Shoshana glanced up at the kitchen clock. It was almost one a.m. Her husband and children had gone to sleep hours ago. The intense silence was broken only by the quiet hum of the refrigerator motor as it turned on.
Shoshana tiptoed to the living room, opened the desk drawer, and removed a pen. Trying to make as little noise as possible, she slipped into her son’s room and took a few sheets of notebook paper from his closet.
Shoshana sat down at the kitchen table and began writing her oldest son a letter – really, a prayer – begging him to look within himself and see where his life was taking him. The tears were cascading down her face as she conveyed her deepest feelings and desires for her son’s future. She pleaded with him to really come home; to join his family in Yerushalayim. She felt as if a dam within her heart had burst, and she was giving full expression to her love for him.
Two nights later, Jack phoned. He was coming to Eretz Yisrael.
“That’s wonderful,” Shoshana smiled into the phone. He had been planning a visit, and she assumed that he had decided to come earlier.
“Mom,” Jack continued, “I’m not coming for a visit. I’m leaving university. I’m coming home, to Eretz Yisrael. My flight's leaving in another two hours.”
At first, Shoshana thought that Jack was joking. But then she heard the urgency in his voice and realized that something in her son had changed.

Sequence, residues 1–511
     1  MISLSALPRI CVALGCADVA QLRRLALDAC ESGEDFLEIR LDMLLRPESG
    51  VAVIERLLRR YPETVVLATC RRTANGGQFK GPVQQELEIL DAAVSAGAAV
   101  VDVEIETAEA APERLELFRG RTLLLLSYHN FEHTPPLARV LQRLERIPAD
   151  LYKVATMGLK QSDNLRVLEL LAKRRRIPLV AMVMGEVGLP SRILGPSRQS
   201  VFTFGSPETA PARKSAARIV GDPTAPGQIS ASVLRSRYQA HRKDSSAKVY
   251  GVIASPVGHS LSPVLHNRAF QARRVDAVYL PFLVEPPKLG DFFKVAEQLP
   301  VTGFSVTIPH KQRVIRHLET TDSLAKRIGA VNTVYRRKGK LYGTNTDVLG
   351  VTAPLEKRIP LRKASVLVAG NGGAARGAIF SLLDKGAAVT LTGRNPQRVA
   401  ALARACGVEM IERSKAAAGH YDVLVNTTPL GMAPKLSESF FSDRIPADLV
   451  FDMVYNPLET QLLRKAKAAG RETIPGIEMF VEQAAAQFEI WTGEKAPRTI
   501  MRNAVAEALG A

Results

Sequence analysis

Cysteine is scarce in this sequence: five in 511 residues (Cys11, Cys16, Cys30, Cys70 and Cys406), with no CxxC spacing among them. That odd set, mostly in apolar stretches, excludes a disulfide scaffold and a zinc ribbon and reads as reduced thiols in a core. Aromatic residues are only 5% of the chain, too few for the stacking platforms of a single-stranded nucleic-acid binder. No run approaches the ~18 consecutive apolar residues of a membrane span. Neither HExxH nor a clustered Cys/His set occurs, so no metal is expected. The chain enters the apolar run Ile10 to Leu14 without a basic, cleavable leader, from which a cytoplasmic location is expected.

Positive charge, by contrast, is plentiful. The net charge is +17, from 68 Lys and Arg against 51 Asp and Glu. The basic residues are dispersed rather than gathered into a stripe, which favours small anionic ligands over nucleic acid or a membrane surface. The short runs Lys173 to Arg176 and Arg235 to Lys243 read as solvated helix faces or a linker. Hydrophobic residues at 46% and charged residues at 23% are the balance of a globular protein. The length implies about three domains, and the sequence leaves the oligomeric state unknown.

Two nights earlier, Jack and his buddies had planned an all-night party in their empty dorm to celebrate the end of the school year.  But what had begun as a fun idea soon turned into a night of horror.
Jack was one of the most popular guys on campus. He knew how to cut classes and talked smart – yet he always managed to get the highest marks. None of his friends knew that he was Jewish; he kept his Jewish roots a closely guarded secret. Somehow, he sensed that there was an ugly kernel of anti-Semitism hiding under his friends’ veil of sophistication and talk of tolerance.
The afternoon before the party, Jack had gone out for a walk with a close friend.  The friend started probing into Jack’s past.
“I think Jack’s a Jewish name,” he said.
“That’s ridiculous,” Jack retorted. “My mom named me after a distant relative of hers.”
“Jack is a Jewish name,” the friend persisted. “It’s short for Jacob, and Jacob is Jewish. So you must also be Jewish.”
Jack looked at his friend. He seemed so earnest and friendly. He felt so close to him. Taking him in his confidence, Jack admitted that he was born Jewish, but that that fact made absolutely no difference to him.  He was the same as everyone else, even if his parents were Jews.
At the party that night, the group of college students played a game called “Twenty Questions.” Everyone had to ask yes and no questions to guess what the other person was thinking.
Jack soon realized that the person he had thought of as his closest friend was trying to hint to the others that Jack was Jewish. It wasn’t long before Jack realized that they had guessed his secret. As the wine started to flow, the boys’ veneer of sophistication slowly dissolved, and he could sense the disgust behind their smiles.
Jack left the room for a few minutes. When he returned, the atmosphere had changed completely. Everyone was studiously ignoring him, yet he realized that he was the center of their attention. Their hatred was palpable. He noticed people staring at him and whispering, and then quickly averting their eyes the moment he looked their way.